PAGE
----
But that was more than a decade ago. Biden is now 76 years old, and questions about his advanced age have been raised by his Democratic rivals and President Donald Trump. He has kept to a less taxing campaign schedule than his opponents and limited the number of questions from the media and from the public, so he’s had little practice answering questions off the cuff and when he does address crowds his speaking style is sometimes halting. When he does address crowds, his speaking style is sometimes halting.

For the first time in a Democratic debate, the former vice president will be the central target of a crowded field. He’s preparing to face attacks on everything from his flipflopping on federal abortion funding to his controversial remarks last week citing his work with segregationist Senators James Eastland and Herman Talmadge.

In anticipation, Biden has been studying up for weeks. He has two veteran debate specialists helping him with prep: Anita Dunn and Ron Klain, both of whom assisted in debate prep for Obama.

Among his greatest challenges in practice debate sessions, according to one of Biden’s advisers, was getting sidetracked by jabs from lower tiered contenders.

When that happens, Biden has been coached to avoid conflict and praise his fellow Democrats on stage. The plan is to mention they’re not all that far apart in their ideas, then bring the conversation back to Trump and how Biden is best positioned to take him on. While some Democrats have privately wondered if Biden might verbally stumble on stage in a forgetful or loose-tongued moment, one of his advisers confidently rebutted: “He won’t.”

The former vice president is also being advised to use attacks on his record to his advantage.

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“You get 30 seconds to respond,” a separate Biden adviser said of how they’re viewing incoming attacks. “The more time the vice president has to speak, the more time he’ll have to talk about his positive message and the more time you’ll continue hearing him talking about his view.”

“We know candidates are looking for breakout moments in these debates,” the adviser continued. “Vice President Biden doesn’t need a breakout moment.”

But he will need to alter his aggressive style from the last time he debated — against Ryan in 2012. His mission is different this time, and he’ll need to tone down an approach that at times was so over the top that Saturday Night Live built a skit around it.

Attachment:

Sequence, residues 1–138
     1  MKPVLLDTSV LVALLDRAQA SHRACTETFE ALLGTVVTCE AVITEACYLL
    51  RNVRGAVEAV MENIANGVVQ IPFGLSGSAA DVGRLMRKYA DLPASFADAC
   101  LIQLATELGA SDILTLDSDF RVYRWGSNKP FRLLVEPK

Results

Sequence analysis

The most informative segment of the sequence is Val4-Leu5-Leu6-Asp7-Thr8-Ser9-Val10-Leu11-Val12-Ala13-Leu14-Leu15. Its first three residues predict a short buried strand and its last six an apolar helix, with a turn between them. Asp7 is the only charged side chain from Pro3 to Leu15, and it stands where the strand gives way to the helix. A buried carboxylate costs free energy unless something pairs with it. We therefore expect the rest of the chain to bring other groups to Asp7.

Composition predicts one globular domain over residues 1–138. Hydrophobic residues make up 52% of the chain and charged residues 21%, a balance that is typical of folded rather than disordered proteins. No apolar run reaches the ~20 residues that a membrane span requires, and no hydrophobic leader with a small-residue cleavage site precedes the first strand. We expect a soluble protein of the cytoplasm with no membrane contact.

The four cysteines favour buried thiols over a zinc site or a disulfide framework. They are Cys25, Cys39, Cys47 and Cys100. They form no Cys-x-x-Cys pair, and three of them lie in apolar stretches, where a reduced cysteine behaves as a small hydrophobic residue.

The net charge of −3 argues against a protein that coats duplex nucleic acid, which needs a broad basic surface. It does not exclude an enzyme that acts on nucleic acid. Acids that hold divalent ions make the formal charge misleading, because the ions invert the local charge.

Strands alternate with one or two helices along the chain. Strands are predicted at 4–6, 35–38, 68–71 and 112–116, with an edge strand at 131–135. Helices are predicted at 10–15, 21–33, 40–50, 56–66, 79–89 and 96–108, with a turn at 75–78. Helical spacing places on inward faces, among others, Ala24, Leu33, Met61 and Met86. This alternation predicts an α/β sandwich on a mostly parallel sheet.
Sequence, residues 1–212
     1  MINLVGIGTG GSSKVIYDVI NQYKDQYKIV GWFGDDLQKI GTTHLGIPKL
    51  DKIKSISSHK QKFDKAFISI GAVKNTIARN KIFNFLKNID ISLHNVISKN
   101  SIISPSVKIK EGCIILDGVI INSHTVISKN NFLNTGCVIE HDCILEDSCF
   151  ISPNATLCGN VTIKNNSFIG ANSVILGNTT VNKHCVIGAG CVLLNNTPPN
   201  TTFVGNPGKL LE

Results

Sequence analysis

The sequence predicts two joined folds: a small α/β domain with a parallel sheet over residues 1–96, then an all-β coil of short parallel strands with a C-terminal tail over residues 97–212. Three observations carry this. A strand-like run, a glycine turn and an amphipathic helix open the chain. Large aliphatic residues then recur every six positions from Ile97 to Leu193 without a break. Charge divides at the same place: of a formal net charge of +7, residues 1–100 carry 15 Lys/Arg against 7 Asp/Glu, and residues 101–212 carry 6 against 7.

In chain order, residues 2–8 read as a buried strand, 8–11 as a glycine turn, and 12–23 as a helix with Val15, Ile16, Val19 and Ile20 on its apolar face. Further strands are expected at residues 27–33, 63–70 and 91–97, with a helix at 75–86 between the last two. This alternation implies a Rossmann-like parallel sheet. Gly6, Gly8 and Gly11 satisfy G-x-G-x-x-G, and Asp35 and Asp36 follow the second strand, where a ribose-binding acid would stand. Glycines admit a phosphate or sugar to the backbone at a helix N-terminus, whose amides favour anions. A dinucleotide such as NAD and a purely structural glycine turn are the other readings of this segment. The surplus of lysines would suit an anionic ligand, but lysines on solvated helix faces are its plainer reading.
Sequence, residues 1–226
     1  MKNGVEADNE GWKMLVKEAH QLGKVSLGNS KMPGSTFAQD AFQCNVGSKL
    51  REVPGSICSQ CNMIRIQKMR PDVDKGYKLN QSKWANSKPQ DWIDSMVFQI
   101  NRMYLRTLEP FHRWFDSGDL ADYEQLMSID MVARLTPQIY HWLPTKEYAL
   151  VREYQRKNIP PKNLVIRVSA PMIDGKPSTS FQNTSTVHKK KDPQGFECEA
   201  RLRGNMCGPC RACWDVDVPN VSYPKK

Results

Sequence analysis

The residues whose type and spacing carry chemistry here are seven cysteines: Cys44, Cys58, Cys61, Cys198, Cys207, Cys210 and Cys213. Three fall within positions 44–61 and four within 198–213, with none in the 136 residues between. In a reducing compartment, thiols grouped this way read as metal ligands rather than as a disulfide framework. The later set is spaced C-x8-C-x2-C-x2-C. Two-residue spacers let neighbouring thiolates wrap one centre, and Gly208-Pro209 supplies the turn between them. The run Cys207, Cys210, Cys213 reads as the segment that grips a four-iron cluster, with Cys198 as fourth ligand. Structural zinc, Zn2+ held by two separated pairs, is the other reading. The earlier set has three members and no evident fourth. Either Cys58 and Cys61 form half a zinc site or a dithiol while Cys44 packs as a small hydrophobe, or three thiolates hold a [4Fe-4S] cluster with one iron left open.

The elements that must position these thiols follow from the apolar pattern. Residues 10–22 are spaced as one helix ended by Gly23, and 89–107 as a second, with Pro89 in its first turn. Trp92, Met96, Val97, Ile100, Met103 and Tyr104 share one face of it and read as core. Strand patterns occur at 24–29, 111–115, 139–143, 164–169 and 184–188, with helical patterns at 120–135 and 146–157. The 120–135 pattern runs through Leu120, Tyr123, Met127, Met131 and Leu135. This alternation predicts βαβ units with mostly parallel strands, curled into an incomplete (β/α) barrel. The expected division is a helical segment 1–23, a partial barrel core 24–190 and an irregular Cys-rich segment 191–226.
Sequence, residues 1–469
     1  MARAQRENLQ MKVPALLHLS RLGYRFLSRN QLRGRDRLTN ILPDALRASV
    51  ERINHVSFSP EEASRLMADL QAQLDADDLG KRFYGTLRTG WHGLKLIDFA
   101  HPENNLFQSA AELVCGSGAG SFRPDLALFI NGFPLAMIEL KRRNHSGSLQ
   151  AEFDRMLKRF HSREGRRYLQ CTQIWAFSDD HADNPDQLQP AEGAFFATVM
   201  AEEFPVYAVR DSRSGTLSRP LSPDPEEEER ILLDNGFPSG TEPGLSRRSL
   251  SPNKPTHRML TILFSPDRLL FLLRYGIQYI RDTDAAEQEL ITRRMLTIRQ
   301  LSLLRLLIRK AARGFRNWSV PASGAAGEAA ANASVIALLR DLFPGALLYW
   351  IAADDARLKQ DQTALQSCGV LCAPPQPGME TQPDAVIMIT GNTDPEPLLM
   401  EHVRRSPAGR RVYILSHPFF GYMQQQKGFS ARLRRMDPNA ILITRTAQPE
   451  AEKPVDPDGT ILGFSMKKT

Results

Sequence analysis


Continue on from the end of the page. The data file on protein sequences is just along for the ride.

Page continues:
“My advice to him is not to let anyone distort his record. And make sure that’s the case,” said Richmond. “I don’t know, if you hit him with it, you give him a chance to clarify that he did not like Eastland but he had to get stuff done … you give him an opportunity to talk about all the things he was able to do to advance civil rights, working with people who didn’t want to advance civil rights.”

When it comes to rebuttals, Biden’s best defense Thursday might be his offense: his eight years as part of the Obama White House. Biden is expected to draw from a stockpile of experiences with the former president, beginning with the health care overhaul.

Messina called it Biden’s most valuable asset in his first debate of 2020.

“He’s part of eight years of leadership that changed the world,” Messina said. “Barack Obama’s the most popular democratic elected official in the Democratic Party. Joe Biden will talk a lot about that in his first debate I would guess.”

As the likely center of attention — perhaps on both debate nights this week — Biden could find himself in a situation similar to the one that Trump faced in 2016. At the time, on a crowded stage, he was the subject of attack after attack and not always to his detriment.

“When you’re the target, you’re also the one getting all the attention.This is a competition for mindshare. A lot of people are going to be taking a run at Biden — and it’s going to come at their own expense,” said David Kochel, a Republican strategist who advised both of Mitt Romney’s presidential campaigns and Jeb Bush’s bid in 2016.

And, Kochel said, each time Biden contrasts himself directly with Trump, it’s like “jet fuel for his campaign.”

“He’s in a position, assuming he performs well, of looking like the real king of the field.”